32. WalrusVery social – gather by the hundreds. Ranking established by tusk size. While diving, blood flow is diverted away from its skin and blubber; when it basks in the sun after a long dive in cold water, blood flow to the surface of the blubber is increased, allowing heat gain.

  33. Arctic Fox Lung branches longer with more surface area than temperate relatives. Lung structure enhances warming and mixing of cold inhaled air with warm exhaled air, improving heat conservation. Dens can have 4-12 entrances and cover up to 30 sq. m (323 sq. ft.). Some dens may be used for centuries, by many generations, and eventually become huge, with over 100 entrances.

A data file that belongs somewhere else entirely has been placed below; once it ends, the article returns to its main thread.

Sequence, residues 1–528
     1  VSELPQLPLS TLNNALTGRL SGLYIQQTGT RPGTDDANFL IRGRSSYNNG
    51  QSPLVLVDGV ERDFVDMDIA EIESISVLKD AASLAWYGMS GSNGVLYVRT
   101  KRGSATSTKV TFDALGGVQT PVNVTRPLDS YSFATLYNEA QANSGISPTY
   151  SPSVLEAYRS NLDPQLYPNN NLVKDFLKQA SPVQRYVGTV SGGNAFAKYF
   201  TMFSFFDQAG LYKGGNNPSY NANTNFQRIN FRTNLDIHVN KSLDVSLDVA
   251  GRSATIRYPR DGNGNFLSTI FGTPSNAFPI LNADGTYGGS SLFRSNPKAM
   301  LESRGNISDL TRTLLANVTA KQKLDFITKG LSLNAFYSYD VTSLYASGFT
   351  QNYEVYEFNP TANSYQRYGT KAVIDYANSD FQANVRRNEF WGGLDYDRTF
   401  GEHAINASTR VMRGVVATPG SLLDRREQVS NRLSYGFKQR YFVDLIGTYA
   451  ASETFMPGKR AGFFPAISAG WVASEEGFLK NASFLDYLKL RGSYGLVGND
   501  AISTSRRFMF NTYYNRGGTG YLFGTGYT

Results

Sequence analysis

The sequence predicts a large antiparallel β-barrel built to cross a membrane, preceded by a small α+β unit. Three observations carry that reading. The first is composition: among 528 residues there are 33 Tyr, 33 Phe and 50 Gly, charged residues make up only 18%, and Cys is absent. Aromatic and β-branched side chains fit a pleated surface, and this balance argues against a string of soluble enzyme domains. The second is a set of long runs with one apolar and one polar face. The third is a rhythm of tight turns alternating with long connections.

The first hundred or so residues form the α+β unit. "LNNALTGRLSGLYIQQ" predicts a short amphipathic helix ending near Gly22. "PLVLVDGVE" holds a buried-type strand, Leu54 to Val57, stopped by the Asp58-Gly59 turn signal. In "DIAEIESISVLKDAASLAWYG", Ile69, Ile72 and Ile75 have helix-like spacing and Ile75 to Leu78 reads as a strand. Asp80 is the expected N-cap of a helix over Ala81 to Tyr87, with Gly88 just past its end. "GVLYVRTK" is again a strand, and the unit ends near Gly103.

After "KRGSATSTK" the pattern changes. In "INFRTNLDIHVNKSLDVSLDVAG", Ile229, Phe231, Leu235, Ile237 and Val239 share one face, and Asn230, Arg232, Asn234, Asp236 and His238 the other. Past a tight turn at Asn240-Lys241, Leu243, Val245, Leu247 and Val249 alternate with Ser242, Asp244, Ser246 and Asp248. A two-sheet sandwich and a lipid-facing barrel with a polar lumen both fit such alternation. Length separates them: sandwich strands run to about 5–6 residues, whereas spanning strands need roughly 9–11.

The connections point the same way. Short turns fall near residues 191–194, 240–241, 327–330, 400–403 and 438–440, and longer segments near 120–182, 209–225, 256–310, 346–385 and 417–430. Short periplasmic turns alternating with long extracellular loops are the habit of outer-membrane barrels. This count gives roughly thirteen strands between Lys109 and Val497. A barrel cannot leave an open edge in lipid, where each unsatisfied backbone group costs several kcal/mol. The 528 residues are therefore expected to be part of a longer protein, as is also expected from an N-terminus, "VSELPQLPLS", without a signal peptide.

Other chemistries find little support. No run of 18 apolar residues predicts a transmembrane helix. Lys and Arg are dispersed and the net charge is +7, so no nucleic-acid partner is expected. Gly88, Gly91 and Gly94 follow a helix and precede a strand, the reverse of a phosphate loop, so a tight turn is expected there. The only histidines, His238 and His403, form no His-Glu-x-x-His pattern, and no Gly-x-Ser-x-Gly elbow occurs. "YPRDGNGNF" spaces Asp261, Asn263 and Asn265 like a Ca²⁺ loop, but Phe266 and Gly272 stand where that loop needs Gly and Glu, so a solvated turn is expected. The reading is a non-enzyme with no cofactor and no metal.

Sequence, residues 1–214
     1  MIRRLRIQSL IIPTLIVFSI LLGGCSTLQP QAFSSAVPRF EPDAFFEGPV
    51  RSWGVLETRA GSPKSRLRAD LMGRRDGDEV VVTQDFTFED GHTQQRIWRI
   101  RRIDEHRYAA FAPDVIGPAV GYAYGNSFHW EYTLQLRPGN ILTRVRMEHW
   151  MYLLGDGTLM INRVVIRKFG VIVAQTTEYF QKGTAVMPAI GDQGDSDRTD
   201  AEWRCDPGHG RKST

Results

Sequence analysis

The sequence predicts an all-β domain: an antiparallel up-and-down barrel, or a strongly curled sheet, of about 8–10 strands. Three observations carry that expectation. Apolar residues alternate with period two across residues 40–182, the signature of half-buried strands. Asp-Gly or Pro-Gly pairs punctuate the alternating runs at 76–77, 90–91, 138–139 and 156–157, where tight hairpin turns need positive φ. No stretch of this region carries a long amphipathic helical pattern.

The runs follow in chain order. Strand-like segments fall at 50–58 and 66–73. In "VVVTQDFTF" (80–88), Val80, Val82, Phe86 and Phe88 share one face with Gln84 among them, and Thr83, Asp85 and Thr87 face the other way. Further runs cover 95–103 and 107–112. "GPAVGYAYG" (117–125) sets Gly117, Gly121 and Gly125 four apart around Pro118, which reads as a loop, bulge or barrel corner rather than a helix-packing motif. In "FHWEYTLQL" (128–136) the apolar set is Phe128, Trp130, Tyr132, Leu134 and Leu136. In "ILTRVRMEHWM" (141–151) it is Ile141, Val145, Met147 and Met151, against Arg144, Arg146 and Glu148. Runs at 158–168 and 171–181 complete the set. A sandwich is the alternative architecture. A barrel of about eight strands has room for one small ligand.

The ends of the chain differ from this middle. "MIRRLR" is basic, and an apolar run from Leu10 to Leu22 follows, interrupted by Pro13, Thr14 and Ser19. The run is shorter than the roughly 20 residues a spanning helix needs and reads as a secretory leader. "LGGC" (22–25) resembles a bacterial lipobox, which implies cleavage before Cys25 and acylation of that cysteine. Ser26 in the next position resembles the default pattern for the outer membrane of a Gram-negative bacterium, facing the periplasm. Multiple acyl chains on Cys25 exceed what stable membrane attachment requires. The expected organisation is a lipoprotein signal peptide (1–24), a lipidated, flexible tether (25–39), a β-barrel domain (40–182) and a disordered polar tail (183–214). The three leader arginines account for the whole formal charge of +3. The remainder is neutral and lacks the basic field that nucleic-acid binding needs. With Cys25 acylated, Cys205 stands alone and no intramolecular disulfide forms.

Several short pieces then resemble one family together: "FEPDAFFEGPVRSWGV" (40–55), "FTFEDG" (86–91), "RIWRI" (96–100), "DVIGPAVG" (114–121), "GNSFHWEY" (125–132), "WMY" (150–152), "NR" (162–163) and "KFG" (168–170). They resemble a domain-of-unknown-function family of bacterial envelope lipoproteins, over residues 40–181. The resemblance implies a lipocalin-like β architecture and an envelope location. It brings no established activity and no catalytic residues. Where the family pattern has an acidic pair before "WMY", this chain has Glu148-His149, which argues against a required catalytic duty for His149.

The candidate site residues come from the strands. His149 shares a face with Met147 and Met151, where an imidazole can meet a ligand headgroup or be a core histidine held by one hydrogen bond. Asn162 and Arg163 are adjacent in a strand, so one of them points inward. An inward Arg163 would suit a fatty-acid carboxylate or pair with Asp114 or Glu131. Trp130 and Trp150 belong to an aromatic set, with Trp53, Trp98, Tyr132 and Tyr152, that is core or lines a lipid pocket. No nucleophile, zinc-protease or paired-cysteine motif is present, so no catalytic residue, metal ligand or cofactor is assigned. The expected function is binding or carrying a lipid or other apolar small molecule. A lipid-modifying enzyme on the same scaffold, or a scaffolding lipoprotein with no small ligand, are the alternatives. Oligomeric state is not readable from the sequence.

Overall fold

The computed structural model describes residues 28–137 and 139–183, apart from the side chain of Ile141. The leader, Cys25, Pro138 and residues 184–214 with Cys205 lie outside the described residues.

34. Rare Animals in Arctic • Eskimo Curlew (Numenius borealis) (rarest of all) Allegedly, guided Columbus to the New World six centuries ago, on its way to its breeding grounds on the arctic tundra. Pigeon-sized, sickle-billed shorebird once a dominant species in arctic. Its one pound, fat-laden body was appreciated by North American settlers who hunted this bird in the 1800s for food. Such a popular target, it was hunted to near extinction. • Pelican gulper (Eurypharynx pelecanoides) a type of eel, mouth 4 X larger than rest of body. Ambush hunter, lures prey by waving the luminescent organ at the tip of its tail in front of its mouth, once prey is close, fish lunges, opening its mouth at the last second. Water rushes into the mouth, ballooning out the pelican-like pouch. Once the prey is swept into the mouth with the current, the jaws snap shut. Water escapes through tiny gill openings. Found only in the Davis Strait in the arctic. • Snowy Owl(Bubo scandiacus) Unlike most owl species, snowy hunts mainly in daytime. Small – only weighing 2-4 pounds. Highly nomadic, movements tied to abundance of primary prey species, lemmings. Local numbers high when lemming population is high, lower when lemming population is low. Protected under the federal Migratory Bird Treaty Act. • Cook Inlet Beluga Whale(Delphinapterus leucas) isolated sub-species of beluga, noted for white color – found only in the Cook Inlet. Threatened by hunting and, increasingly by estuary pollution, population not bouncing back as expected. Listed as Endangered Species, the IUCN lists it as critically endangered.